The rumor mill has been churning with talks of a possible GoldenEye 007 remaster being on the horizon. A remaster of the Nintendo 64 classic first came to our attention after a full Xbox achievements list for it was spotted. Just over a month later, and more details have surfaced, suggesting that an official announcement could be on its way.
During an episode of Giant Bomb’s GrubbSnax, VentureBeat journalist Jeff Grubb provided some insight. According to Grubb, Microsoft will likely make an official announcement in the “next couple of weeks.”
It’s not just one source that seems to think that a GoldenEye 007 remaster is coming soon either. One unnamed source via VGC confirmed that Grubb’s comments matched what they had been told. Given that two separate sources are on the same page, a remaster may very well be in development. Although, neither are official sources, so fans should temper their expectations for the time being.
After all, this isn’t the first time news of a newer rendition of GoldenEye 007 has cropped up. An Xbox Live Arcade port planned for the Xbox 360 was previously canceled after Nintendo couldn’t agree on terms with Microsoft. Many view Golden Eye 007 as a Nintendo classic, and perhaps the Japanese game giant wanted to maintain that view.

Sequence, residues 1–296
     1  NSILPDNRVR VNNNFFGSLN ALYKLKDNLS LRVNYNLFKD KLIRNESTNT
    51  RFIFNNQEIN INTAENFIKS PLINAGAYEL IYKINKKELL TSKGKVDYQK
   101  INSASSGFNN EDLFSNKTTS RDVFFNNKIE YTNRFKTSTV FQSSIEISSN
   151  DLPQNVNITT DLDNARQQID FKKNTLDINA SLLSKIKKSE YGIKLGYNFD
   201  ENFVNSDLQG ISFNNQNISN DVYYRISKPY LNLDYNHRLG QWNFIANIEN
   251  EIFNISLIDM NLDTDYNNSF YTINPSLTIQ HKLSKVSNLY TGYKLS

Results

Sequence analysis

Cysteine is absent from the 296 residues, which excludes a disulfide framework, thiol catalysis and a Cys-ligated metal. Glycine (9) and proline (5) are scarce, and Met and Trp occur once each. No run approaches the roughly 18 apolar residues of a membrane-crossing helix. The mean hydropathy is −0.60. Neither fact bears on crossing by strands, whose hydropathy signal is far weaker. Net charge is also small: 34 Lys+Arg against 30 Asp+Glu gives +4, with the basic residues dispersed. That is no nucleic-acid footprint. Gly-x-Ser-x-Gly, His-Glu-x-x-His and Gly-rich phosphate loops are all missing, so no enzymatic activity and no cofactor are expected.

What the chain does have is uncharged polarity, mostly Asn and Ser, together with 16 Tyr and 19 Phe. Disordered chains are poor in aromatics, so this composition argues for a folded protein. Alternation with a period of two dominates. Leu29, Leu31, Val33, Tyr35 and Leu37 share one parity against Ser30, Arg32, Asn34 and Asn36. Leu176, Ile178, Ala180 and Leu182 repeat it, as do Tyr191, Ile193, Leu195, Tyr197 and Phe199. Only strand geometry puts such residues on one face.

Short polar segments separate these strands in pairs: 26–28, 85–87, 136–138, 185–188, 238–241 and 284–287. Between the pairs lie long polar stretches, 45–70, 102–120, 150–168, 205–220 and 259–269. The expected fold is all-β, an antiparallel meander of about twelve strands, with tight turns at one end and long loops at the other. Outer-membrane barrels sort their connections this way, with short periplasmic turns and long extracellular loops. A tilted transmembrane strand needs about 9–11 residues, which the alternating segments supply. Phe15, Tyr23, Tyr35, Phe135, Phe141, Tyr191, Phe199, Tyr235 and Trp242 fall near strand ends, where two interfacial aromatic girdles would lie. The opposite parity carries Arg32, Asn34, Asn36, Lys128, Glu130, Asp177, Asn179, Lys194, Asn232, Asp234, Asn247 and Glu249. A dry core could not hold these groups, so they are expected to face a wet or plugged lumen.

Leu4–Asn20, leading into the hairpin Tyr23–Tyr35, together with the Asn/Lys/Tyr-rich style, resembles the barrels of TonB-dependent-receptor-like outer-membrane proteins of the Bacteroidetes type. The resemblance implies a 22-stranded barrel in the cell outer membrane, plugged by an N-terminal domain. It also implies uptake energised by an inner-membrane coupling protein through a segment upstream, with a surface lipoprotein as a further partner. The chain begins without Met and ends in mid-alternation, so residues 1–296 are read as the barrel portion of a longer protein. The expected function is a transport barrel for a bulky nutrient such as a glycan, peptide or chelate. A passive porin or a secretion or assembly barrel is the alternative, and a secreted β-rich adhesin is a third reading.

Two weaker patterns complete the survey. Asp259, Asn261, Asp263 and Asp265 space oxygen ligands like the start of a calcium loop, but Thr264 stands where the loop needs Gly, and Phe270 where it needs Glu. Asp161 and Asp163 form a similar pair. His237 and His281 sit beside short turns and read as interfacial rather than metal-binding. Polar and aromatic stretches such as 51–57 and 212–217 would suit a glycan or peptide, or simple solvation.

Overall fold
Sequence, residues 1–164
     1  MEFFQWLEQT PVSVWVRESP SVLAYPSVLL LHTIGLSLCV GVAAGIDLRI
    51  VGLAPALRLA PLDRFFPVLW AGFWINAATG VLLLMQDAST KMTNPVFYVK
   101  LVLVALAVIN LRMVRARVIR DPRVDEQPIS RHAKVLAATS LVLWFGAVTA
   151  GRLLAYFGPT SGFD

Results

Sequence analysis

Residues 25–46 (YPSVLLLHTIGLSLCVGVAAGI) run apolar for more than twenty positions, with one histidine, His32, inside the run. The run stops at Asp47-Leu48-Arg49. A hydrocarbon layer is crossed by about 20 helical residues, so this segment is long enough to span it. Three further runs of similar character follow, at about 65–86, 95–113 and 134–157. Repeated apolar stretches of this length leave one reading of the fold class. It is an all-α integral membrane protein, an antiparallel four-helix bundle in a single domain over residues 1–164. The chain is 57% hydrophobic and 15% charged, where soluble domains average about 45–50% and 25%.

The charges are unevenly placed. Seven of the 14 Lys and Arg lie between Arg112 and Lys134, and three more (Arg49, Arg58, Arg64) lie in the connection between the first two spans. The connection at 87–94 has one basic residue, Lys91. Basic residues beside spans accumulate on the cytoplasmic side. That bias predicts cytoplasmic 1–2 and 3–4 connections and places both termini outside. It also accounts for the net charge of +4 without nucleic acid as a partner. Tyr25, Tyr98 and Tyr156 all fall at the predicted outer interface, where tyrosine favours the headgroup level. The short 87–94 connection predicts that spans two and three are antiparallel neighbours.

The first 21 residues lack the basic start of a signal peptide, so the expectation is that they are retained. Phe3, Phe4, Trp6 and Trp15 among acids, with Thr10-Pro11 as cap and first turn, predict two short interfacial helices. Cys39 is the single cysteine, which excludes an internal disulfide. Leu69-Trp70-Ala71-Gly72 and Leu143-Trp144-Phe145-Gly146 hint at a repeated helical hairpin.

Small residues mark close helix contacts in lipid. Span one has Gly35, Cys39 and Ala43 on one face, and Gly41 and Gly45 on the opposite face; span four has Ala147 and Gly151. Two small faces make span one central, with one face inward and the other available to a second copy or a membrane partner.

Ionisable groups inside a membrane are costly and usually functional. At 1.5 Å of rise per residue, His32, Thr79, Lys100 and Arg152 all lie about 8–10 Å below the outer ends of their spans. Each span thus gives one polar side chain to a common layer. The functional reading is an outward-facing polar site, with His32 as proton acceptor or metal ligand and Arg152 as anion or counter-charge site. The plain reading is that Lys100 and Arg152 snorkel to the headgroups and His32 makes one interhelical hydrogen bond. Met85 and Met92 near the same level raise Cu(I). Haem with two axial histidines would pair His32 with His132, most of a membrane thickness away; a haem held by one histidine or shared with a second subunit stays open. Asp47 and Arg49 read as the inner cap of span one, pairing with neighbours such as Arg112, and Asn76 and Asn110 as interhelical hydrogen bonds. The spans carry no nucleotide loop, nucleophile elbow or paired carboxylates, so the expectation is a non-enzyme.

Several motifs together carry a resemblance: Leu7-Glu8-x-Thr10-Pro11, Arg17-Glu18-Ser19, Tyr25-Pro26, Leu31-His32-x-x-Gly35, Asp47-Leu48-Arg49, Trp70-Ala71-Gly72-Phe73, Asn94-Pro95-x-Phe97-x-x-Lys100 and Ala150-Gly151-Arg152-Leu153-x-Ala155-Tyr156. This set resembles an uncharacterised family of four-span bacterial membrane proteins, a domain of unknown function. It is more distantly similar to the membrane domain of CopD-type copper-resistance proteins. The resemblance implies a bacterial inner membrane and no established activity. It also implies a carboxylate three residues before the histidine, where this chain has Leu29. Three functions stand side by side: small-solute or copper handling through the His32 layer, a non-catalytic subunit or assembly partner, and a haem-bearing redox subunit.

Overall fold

Will it come to PC?
Without even a confirmation of a GoldenEye 007 remaster, it’s difficult to say. However, assuming that Microsoft and Nintendo are now on better terms, it should find its way onto PC. It’s no secret that both Xbox Game Pass and PC Game Pass are crucial to Microsoft’s business model, and it seems unlikely it would support any game without that in mind.
There is some evidence to suggest that the two console manufacturers are willing to cooperate. In 2019 Super Smash Bros. Ultimate saw the addition of Banjo and Kazooie to its roster despite the two being under the ownership of Microsoft. Additionally, Microsoft has released multiple first-party games such as Minecraft and later Hellblade: Senua’s Sacrifice onto the Switch. These instances suggest that the games industry is becoming less competitive and more cooperative.